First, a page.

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Director JONATHAN LYNN created and co-wrote every episode of the acclaimed BBC political comedy series "Yes, Minister" and its sequel "Yes, Prime Minister." The series received numerous accolades including three BAFTA Awards, two Broadcasting Press Awards and two Pye Television Awards. In 1987, Lynn won the BAFTA Writers Award. In the United States the series won the CableACE Award for Best Written Comedy Series on cable television, having been nominated the previous year.

In addition, Lynn and his partner, Antony Jay, were honored by a Special Award from the Campaign For Freedom Of Information, presented by Lord David Owen, and by honorary degrees from the University of Sheffield, England.

Lynn wrote three best-selling books, The Complete Yes, Minister and Yes, Prime Minister, Volumes 1 and 2, based on the series. All went to number one on the London Sunday Times bestseller list. The Complete Yes, Minister was in the top 10 best sellers for 106 weeks. Between them, the books have sold well over a million copies in hardback, were top 10 bestsellers for three years and have been translated into numerous languages. The Complete Yes, Minister and Yes, Prime Minister, Volume 2 were the 2nd and 3rd British bestsellers of the decade 1980-1989.

Jonathan Lynn directed the film "My Cousin Vinny," a critical and commercial hit in 1992. Marisa Tomei, discovered in this film, won the Academy Award for Best Supporting Actress. Lynn's 1990 film, "Nuns on the Run," which he also wrote, starred Eric Idle and Robbie Coltrane. It won the Golden Cane Award at the Festival de Comedie in Switzerland.

His 1993 film, "The Distinguished Gentleman," starring Eddie Murphy, was ahead of its time. It was about the corrupting power of the lobbyists in Washington DC and the need for campaign finance reform. His 1994 film, "Greedy," starred Michael J. Fox and Kirk Douglas, and "Sgt. Bilko," in 1995, starred Steve Martin. "Sgt. Bilko" reached the number one spot in video rentals. His most recent film was "Trial and Error," starring Michael Richards, Jeff Daniels and Charlize Theron.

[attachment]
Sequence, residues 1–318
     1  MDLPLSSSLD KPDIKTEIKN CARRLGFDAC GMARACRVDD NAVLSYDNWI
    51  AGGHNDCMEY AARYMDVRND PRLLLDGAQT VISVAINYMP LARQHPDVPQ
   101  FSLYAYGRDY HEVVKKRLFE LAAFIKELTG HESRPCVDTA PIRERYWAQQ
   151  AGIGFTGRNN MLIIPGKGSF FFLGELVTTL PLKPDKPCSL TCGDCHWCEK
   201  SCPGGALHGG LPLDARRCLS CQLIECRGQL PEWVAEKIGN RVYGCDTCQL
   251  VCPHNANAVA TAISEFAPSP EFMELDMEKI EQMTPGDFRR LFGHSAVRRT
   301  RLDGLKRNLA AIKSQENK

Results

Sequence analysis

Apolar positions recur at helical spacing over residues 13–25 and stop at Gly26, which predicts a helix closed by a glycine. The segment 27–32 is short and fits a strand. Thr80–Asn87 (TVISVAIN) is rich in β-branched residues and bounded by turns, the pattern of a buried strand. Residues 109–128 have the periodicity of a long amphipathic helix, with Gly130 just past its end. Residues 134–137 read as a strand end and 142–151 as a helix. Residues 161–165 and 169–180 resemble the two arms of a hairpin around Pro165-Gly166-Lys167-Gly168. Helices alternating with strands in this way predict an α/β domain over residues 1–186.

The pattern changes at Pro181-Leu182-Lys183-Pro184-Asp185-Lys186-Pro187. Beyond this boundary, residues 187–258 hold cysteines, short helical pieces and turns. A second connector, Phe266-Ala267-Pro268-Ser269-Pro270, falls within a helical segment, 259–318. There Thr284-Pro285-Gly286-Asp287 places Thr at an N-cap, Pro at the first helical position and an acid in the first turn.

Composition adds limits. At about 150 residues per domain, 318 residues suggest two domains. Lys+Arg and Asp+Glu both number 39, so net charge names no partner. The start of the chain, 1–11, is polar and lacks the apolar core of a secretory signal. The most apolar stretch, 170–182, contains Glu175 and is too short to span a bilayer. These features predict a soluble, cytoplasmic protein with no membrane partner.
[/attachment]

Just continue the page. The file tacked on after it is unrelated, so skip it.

Born in Bath, England, Lynn has a degree in Law from Cambridge University. He never practiced law, but became an actor and musician. His first job in show business was in a theater orchestra in London's West End. His first credit as a writer was the 1973 British film "The Internecine Project," starring James Coburn, Lee Grant and Keenan Wynn. His first novel, A Proper Man, was published in 1976 and his recent writing includes the novel Mayday (Viking/Penguin) and the British television film Life After Life. He wrote his first film, "Clue," and has recently completed a screenplay based on his novel, Mayday.

Lynn has also enjoyed notable success on the British stage. In 1987 he directed his own company at the National Theatre of Great Britain, eventually moving his centenary production of George Abbott's "Three Men On A Horse" to the West End. Once there, it won the 1987 Olivier Award for Best Comedy. His 1979 musical, "Songbook," won the Society of West End Theatres Award and the Evening Standard Award for Best Musical. From 1977 to 1981 Lynn served as Artistic Director of The Cambridge Theater Company, where he produced more than 40 plays, directing 20 of them himself. Other notable London productions include Georges Feydeau's "Little Hotel On The Side" at the National Theatre, translated by John Mortimer; "The Glass Menagerie" (working with Tennessee Williams); Shaw's "Arms and The Man"; Eric Idle's "Pass The Butler"; Joe Orton's "Loot"; and Eugene O'Neill's "Anna Christie" at the Royal Shakespeare Company, in both Stratford-upon-Avon and London.

An accomplished actor, Lynn has had leadi


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